If you've ever wondered what astrophysics can teach you about the dating pool or how quantum particles can show you how to ignore the haters, look no further. From a Nerd-of-All-Trades comes Full-Frontal Nerdity, a collection of personal essays about applying all that “useless” book learning toward the more practical pursuits of life, love, and releasing your inner quantum.
Long before “The Big Bang Theory” made geek scientists cool, there have been Sheldons trying to navigate the world of Pennys. It isn’t always pretty, but it makes for great stories. Full-Frontal Nerdity is a collection of some of those stories—like the time the author got into a debate about the nature of addition with a Time Warner Cable representative or used the many-worlds theory to cheer herself up after a bad day.
Full-Frontal Nerdity explores the struggles of being a thinking adult in an often-irrational world, taking inspiration from many subjects—statistics, mythology, physics, poetry, and even the nature of pi—to gain insight into the everyday mysteries of living. What can a decades-old math problem teach us about biological clocks and the pressure to marry? Why is the history of Leap Day a cautionary tale about traditional gender roles and asserting power? How can Bayesian reasoning stop us from writing off a potential partner too early or letting a dud stick around too long?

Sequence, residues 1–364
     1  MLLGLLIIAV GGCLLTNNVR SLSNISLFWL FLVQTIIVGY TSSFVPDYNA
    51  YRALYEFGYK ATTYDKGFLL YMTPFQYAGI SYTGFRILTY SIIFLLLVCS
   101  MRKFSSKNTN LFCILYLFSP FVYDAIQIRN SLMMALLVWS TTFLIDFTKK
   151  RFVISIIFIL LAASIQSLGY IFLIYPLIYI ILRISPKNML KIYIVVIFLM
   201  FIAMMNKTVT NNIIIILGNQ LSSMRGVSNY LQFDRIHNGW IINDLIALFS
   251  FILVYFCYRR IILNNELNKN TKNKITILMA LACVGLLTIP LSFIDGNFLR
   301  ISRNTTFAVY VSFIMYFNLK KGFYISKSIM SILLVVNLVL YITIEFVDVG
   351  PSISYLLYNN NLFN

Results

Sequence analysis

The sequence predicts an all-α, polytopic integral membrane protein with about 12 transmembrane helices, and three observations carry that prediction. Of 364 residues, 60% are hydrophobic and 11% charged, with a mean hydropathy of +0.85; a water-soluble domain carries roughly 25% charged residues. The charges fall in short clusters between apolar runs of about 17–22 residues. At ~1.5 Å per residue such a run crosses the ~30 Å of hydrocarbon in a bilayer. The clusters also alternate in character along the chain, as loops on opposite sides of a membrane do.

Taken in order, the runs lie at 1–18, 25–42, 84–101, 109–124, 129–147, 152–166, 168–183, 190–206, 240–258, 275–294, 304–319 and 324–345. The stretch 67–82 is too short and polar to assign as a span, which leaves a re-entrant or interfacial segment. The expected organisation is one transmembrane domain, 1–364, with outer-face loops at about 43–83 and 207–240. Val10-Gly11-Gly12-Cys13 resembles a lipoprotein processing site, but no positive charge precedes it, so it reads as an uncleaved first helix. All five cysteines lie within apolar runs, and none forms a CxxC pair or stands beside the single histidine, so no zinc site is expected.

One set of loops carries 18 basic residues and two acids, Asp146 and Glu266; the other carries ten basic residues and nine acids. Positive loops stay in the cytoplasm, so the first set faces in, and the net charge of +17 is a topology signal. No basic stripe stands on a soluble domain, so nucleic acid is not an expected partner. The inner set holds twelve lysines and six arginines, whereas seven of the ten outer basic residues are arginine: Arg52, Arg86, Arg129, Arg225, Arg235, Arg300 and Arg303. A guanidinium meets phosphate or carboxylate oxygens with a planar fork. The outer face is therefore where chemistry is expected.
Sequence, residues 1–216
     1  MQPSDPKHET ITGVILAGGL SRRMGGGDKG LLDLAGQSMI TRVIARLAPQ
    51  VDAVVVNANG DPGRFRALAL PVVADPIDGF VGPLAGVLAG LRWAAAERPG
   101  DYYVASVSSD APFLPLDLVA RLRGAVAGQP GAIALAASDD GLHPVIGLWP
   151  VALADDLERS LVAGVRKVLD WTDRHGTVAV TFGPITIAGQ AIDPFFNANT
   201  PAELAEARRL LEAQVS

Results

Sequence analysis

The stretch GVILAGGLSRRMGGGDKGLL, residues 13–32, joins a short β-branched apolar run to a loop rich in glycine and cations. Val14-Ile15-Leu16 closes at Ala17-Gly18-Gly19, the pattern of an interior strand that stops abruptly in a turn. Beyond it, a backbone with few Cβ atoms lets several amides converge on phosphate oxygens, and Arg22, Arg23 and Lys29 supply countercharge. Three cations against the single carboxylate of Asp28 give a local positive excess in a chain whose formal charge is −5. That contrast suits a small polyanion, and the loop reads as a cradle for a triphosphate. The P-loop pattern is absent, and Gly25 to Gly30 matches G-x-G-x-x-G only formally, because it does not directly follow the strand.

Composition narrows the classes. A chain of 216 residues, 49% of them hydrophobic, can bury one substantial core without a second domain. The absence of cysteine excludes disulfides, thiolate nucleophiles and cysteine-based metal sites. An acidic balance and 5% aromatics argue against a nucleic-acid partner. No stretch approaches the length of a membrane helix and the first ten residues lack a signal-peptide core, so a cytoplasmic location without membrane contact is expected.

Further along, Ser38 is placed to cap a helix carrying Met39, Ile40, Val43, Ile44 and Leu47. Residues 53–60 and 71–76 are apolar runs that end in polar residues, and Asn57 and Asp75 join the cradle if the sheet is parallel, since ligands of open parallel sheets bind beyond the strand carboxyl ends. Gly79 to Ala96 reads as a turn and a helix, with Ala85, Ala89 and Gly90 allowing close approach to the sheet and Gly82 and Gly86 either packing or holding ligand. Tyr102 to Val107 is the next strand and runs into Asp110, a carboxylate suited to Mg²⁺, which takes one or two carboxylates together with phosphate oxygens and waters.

In a series of short, light-hearted pieces, Full-Frontal Nerdity will introduce readers to some fascinating nerdy concepts, explore the more practical lessons to be gleaned from those subjects, and provide a newfound depth of understanding about living, loving, and simply being in a humorously complex world.
About the Author
K.S. Wiswell went into Harvard to become a cryptographer and came out with a degree in English Literature. Along the way, she studied physics, statistics, philosophy, mythology, and marching band. After three years in the corporate world, she escaped to Los Angeles and joined the Second City, because improv is cheaper than therapy. She remains an overeducated comedy writer who teaches logic to balance the insanity. Over the years, she has been told by serious men that she is “pretty smart for a girl,” “pretty funny for a girl,” and once (after a disastrous Mary Lou Retton–inspired haircut) “pretty cute for a boy.” All of which is pretty dumb for a society, so she has made it her mission to promote the fact that Smart Is Sexy.